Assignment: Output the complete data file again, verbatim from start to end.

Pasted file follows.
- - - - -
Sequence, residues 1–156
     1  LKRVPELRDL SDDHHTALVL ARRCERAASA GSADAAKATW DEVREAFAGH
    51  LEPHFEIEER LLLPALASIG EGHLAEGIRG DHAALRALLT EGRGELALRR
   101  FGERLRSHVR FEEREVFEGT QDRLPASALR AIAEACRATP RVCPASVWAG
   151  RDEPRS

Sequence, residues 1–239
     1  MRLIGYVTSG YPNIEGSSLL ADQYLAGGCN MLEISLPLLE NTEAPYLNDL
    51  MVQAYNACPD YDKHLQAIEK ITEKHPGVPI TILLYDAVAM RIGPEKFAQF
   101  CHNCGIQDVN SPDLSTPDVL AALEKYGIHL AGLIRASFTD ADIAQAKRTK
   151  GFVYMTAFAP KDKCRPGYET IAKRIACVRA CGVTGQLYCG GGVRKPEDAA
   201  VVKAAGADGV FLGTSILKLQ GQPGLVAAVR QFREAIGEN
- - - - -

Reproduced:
Sequence, residues 1–156
     1  LKRVPELRDL SDDHHTALVL ARRCERAASA GSADAAKATW DEVREAFAGH
    51  LEPHFEIEER LLLPALASIG EGHLAEGIRG DHAALRALLT EGRGELALRR
   101  FGERLRSHVR FEEREVFEGT QDRLPASALR AIAEACRATP RVCPASVWAG
   151  RDEPRS

Sequence, residues 1–239
     1  MRLIGYVTSG YPNIEGSSLL ADQYLAGGCN MLEISLPLLE NTEAPYLNDL
    51  MVQAYNACPD YDKHLQAIEK ITEKHPGVPI TILLYDAVAM RIGPEKFAQF
   101  CHNCGIQDVN SPDLSTPDVL AALEKYGIHL AGLIRASFTD ADIAQAKRTK
   151  GFVYMTAFAP KDKCRPGYET IAKRIACVRA CGVTGQLYCG GGVRKPEDAA
   201  VVKAAGADGV FLGTSILKLQ GQPGLVAAVR QFREAIGEN